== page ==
Amid a continuing financial crisis, the Pacifica Foundation is cutting costs at its five radio stations, a measure that could lead to significant layoffs throughout the network. Since the beginning of the year, Pacifica has imposed cuts at KPFA in Berkeley and at the Pacifica Radio Archives unit that will likely be effected primarily through layoffs unless new revenue can be raised. Pacifica’s board also plans to cut costs at the network’s other stations. Meanwhile, the office of California Attorney General Kamala Harris is auditing the Foundation. Pacifica’s board was notified about the audit Dec.
Pacifica station WPFW in Washington, D.C., is in “a pretty critical financial situation,” according to Summer Reese, interim executive director of the network. Reese discussed the state of WPFW during a July 25 Pacifica board conference call. Responding to a board member’s question about a WPFW on-air fund drive planned for in September, she said: “The concern there is, frankly, that you don’t have enough money to get through until September.”
WPFW has fallen into a “perpetual” state of on-air fund drives, Reese said. “It’s not giving listeners much of a break.”
Reese told the board she was following up with WPFW staff about which of the station’s bills must be paid most urgently. Neither the D.C. station nor WBAI in New York have paid for board election costs from last year, she said.
Michael Taylor believed in second chances — he was living proof that they come along. Before the early 1990s, the Los Angeles resident had been an addict, a dealer, eventually homeless. But one day he decided to turn his life around, and achieved the miracle — sobered up, straightened out and found his legitimate passions: community activism and radio. He became a reporter and later an occasional host of public affairs programming on Pacifica station KPFK. So he was a felt presence among Los Angeles’ South-Central community of leftists and grassroots organizers at the time of his cold-blooded murder over nothing more than a low-power radio transmitter, in April 1996.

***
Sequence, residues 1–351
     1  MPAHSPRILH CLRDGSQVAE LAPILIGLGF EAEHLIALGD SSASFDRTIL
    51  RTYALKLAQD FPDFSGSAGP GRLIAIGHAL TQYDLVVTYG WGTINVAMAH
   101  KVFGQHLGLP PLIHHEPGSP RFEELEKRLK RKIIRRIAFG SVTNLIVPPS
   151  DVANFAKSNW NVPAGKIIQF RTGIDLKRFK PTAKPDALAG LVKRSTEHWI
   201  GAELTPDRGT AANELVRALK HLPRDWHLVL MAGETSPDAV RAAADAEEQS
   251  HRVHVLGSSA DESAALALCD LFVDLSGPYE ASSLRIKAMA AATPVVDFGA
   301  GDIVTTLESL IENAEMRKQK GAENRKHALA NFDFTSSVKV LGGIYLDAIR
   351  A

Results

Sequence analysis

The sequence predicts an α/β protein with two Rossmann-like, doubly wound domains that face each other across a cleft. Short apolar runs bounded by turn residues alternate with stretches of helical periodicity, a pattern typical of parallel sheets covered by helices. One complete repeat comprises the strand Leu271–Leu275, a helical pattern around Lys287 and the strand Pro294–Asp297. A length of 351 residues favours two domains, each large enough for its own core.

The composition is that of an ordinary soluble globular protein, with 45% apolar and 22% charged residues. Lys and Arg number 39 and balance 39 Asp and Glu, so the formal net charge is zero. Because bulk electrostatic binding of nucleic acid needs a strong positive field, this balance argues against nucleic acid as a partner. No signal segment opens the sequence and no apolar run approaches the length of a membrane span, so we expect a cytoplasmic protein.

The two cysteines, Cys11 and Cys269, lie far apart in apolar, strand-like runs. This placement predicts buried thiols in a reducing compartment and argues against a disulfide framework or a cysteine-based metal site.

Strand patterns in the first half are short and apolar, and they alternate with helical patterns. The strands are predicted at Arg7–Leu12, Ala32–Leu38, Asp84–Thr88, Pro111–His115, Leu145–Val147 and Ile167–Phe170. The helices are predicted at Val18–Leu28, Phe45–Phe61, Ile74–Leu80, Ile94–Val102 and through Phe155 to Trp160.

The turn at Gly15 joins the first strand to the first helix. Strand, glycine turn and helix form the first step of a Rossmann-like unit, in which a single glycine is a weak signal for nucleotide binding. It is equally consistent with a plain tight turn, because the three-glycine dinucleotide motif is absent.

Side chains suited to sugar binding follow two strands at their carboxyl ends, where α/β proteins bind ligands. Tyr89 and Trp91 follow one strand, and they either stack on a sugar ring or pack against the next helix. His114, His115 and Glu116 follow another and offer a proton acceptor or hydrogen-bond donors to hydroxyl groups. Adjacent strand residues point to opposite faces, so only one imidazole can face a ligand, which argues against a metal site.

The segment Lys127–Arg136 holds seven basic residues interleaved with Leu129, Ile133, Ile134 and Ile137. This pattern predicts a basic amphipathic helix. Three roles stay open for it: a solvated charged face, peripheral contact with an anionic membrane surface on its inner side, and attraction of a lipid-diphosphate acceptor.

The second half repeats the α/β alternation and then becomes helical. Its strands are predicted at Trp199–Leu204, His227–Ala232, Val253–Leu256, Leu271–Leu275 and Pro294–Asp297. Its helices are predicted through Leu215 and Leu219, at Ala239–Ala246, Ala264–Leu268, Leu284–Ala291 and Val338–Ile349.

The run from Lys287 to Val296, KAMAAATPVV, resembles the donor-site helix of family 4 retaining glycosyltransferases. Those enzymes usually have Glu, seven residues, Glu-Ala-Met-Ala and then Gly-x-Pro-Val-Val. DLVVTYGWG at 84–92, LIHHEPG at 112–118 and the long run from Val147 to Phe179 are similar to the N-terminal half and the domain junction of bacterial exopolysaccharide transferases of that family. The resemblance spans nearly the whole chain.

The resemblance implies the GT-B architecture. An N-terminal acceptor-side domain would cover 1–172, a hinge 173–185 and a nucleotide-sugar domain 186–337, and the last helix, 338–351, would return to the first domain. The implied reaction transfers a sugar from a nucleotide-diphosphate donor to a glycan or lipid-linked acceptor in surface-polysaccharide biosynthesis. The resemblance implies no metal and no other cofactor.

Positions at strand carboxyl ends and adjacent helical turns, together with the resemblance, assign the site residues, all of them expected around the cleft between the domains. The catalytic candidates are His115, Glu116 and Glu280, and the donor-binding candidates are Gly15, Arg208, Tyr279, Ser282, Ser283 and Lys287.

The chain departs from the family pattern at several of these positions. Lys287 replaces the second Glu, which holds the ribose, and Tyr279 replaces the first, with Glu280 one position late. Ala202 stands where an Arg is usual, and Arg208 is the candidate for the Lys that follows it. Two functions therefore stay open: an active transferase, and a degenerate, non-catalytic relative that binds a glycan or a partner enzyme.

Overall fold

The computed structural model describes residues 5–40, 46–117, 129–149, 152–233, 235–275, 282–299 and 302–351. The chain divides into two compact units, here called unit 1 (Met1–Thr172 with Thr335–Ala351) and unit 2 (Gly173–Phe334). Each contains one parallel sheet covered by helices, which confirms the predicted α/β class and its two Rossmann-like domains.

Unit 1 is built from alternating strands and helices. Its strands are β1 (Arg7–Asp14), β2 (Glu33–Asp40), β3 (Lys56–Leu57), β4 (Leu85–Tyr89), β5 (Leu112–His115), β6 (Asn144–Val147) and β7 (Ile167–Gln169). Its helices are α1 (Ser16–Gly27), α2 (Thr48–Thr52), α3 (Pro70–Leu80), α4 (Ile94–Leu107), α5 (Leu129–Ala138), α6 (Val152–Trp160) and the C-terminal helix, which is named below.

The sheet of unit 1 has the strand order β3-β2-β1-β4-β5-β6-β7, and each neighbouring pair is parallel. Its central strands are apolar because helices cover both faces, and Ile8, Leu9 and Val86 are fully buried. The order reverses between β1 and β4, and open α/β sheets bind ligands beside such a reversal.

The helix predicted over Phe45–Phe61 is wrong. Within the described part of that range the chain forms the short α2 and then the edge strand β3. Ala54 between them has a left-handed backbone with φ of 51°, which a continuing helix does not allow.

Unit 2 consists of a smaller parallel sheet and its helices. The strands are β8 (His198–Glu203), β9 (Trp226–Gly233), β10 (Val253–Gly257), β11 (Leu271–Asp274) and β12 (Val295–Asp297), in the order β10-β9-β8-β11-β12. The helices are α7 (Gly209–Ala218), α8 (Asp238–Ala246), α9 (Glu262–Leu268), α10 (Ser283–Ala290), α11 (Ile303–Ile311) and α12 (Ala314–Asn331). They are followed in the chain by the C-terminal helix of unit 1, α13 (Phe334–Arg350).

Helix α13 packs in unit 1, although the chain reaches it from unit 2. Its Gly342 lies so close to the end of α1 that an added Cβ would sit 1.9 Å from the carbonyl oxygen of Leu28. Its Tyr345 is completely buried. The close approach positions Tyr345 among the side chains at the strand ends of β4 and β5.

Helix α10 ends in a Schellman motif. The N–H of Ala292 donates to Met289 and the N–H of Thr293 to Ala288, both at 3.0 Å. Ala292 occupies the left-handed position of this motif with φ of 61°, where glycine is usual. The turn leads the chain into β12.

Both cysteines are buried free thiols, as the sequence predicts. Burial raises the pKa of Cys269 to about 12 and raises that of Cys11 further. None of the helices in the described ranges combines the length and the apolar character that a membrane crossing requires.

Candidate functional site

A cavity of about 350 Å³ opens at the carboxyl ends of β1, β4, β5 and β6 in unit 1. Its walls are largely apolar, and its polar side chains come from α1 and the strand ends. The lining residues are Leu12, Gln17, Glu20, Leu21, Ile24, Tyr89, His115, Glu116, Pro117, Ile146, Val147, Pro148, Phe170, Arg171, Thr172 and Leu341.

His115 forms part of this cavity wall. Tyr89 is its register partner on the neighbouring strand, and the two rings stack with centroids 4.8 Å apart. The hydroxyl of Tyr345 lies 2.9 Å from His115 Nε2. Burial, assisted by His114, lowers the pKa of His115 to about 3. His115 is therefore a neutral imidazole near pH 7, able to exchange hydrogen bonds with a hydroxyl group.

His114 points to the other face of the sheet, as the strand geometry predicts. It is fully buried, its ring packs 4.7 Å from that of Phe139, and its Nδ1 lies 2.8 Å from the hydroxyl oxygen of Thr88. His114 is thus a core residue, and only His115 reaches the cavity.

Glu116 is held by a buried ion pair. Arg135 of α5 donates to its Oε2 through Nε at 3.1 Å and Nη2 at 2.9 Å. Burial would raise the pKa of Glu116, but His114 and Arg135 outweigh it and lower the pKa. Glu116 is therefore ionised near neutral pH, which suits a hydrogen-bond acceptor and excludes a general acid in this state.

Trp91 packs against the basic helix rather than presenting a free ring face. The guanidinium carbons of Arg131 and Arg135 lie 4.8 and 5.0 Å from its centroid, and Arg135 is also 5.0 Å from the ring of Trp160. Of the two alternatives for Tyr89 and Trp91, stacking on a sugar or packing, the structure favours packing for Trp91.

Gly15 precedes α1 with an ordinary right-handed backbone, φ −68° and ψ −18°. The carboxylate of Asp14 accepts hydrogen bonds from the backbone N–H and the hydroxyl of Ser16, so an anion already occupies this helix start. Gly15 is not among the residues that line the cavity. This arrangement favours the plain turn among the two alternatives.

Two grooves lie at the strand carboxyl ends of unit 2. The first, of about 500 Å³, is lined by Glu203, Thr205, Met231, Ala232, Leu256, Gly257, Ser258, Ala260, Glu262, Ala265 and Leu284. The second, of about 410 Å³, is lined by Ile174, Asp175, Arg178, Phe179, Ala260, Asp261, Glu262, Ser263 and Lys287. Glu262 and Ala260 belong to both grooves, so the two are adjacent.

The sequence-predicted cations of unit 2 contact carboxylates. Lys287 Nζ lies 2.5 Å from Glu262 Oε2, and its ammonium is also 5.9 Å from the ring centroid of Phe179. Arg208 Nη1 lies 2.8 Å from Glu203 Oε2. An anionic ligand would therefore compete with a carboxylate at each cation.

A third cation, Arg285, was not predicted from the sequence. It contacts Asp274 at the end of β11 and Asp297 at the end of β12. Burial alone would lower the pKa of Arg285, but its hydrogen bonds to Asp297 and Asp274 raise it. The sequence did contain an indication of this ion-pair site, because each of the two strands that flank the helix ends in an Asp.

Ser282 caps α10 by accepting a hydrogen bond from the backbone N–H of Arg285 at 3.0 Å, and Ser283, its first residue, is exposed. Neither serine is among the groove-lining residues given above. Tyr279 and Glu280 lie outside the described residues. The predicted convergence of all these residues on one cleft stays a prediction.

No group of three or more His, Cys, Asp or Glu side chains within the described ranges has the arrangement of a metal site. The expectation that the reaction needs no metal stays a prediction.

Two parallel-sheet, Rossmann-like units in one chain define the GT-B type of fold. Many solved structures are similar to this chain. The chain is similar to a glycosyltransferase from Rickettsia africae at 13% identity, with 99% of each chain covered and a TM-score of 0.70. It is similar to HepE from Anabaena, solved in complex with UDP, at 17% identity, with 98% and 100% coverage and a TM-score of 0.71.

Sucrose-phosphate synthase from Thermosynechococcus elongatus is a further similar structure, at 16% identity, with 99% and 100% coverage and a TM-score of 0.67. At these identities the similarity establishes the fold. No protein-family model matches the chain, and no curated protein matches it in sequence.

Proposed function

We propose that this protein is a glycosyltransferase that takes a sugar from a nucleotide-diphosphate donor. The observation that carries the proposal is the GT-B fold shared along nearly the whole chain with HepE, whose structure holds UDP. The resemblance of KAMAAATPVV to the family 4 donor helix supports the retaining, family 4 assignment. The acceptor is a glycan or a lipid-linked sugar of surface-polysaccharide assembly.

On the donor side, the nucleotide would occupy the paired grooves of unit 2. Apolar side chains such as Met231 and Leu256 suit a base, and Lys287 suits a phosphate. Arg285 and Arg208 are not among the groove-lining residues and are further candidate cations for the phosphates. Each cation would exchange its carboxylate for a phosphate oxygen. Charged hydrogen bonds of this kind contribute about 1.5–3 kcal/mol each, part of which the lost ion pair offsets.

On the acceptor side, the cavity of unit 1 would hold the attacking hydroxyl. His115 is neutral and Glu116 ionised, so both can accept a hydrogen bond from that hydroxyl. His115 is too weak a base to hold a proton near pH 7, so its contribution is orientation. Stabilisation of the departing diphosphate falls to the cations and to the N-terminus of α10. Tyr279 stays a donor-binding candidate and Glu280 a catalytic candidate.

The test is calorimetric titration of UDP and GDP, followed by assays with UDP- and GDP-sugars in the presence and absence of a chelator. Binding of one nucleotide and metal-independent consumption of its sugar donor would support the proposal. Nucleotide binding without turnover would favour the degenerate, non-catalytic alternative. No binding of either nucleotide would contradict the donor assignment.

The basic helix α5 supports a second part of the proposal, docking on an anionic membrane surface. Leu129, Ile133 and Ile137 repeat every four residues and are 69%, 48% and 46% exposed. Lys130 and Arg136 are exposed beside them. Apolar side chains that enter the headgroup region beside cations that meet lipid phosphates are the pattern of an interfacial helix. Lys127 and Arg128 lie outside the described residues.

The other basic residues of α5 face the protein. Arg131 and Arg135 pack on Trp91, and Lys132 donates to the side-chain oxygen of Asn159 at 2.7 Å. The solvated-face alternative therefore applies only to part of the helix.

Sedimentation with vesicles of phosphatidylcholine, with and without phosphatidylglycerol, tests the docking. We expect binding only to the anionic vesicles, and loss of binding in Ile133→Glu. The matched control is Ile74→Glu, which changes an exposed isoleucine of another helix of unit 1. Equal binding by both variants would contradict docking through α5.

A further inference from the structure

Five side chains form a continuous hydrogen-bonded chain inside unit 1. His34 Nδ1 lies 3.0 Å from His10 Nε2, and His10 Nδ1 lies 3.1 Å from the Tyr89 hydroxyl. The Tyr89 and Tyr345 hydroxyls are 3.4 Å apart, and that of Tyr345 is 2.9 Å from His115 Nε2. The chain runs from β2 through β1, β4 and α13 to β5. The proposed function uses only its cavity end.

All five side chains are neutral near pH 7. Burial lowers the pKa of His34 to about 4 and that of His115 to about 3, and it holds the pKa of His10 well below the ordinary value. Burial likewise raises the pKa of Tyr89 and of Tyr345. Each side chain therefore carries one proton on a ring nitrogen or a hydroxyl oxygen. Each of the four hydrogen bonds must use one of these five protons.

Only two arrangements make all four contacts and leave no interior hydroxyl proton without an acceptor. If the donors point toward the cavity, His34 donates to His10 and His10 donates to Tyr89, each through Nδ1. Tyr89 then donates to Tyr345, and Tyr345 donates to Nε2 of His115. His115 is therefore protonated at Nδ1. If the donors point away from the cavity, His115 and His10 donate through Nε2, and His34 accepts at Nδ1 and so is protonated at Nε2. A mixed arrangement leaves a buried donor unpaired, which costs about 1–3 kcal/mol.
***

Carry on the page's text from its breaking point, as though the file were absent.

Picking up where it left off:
Three men have been arrested and charged with the murder of Michael Taylor, a former Pacifica reporter who was attempting to start a micro-power radio station in Los Angeles. Police confirmed that the execution-style slaying in April was related to Taylor’s recent-months’ effort to launch and get backing for L.A. Liberation Radio. Los Angeles homicide detective Alex Moreno said he believes the young men shot Taylor because they wanted the transmitter kit Taylor and his colleagues had purchased for the unlicensed, underground station. According to news reports, the three men, Andrew Lancaster, 23, Shawn Alexander, 19, and Jornay Rodriguez, 20, were scheduled to enter pleas at a May 23 arraignment. Because the murder allegedly involved kidnapping and robbery, the men could face the death penalty.
Michael Taylor, a reporter for Pacifica station KPFK in Los Angeles, has been murdered. Friends believe the execution-style shooting may have been related to Taylor’s involvement in developing a micro-power radio station. Taylor’s body was found April 23 in a vacant lot near railroad tracks in south Los Angeles, according to the Los Angeles Times. His hands were bound and he had been shot several times, reports say. A former homeless man who, according to a friend, had struggled with drug and alcohol addiction, Taylor turned his life around after he entered KPFK’s 15-month apprentice program.